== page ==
The following information comes from The Elusive Ten by William Reichenbach. The Elusive Ten is also available to purchase in print.
Concluding this first series of chapters, I am almost tempted to say that constant practice makes a master. This may sound a little trite, but so do lots of things that are very important truisms.
We enthusiasts take our shooting very seriously. We do not want to stay “just average shots.” We want to get somewhere. That is why we practice daily.
It may be that all of us do not have the facilities for shooting on a range every day. However, there is the great expedient of “Dry Practice.”
Take six empty shells and fill them with lead. Use these weighted shells in your cylinder and snap away. It will do no harm to a good gun, and it simulates sharp-shooting well enough to be very valuable.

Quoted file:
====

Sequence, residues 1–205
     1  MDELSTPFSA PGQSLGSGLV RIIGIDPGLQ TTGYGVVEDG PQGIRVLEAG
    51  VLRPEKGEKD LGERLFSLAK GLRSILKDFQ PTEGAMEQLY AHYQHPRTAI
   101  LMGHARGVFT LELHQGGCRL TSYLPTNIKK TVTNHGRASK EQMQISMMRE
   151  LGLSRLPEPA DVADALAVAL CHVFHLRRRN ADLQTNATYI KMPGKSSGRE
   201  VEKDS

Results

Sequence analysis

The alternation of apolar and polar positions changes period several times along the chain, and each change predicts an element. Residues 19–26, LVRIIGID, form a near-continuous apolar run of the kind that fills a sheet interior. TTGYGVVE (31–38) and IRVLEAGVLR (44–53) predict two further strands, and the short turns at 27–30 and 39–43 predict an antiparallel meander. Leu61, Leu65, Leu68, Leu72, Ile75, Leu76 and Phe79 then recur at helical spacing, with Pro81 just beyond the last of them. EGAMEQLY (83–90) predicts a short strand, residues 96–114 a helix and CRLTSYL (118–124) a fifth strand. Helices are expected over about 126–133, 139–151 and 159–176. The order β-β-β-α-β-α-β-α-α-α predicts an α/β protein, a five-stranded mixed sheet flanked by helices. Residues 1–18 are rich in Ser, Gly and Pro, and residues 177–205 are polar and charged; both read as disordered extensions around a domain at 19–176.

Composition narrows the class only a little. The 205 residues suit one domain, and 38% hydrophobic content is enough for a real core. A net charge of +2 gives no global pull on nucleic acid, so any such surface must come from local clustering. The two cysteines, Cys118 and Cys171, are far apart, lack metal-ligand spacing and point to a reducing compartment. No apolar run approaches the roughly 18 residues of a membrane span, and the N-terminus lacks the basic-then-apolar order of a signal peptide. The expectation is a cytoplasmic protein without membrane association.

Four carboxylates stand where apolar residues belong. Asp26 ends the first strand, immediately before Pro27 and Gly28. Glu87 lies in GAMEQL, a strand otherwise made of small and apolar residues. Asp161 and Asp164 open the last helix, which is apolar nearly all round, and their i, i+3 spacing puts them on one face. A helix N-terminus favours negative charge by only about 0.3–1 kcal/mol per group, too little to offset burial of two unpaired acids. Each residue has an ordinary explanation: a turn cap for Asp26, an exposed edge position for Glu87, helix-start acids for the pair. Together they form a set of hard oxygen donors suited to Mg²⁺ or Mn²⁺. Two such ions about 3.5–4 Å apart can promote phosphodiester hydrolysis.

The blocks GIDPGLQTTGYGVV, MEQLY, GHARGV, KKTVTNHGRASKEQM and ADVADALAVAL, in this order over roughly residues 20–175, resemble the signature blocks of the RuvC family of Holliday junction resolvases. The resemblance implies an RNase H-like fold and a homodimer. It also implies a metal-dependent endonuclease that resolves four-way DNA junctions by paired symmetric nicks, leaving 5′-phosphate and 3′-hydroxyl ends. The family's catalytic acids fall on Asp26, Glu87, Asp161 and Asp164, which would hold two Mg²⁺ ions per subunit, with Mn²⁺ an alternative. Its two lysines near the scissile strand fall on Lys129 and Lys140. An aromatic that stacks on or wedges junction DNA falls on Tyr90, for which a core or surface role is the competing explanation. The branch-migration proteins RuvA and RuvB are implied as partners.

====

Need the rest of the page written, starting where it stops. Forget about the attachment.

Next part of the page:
Spend a few minutes each day in dry practice, aiming at a little spot on the wall and you will be surprised at the speed of your progress.
But, do not waste any shots, even though you are only snapping. Take aim as carefully, call your shots as painstakingly, and be as honest with yourself as a real target would be.
Make a firm resolution now to practice every day—and stick to it.
Keep a constant watch on yourself, particularly in regard to coordinating the functions as practiced singly by you.
Just squeezing the trigger will not score, if you forget about the grip and the other items dealt with.
Among the seven functions, some may be less important than others, but they all are cogs which fit definitely into the scheme.
Resolve to check up every time you shoot to determine whether or not you are forgetting one of the seven functions, and if so, correct the omission.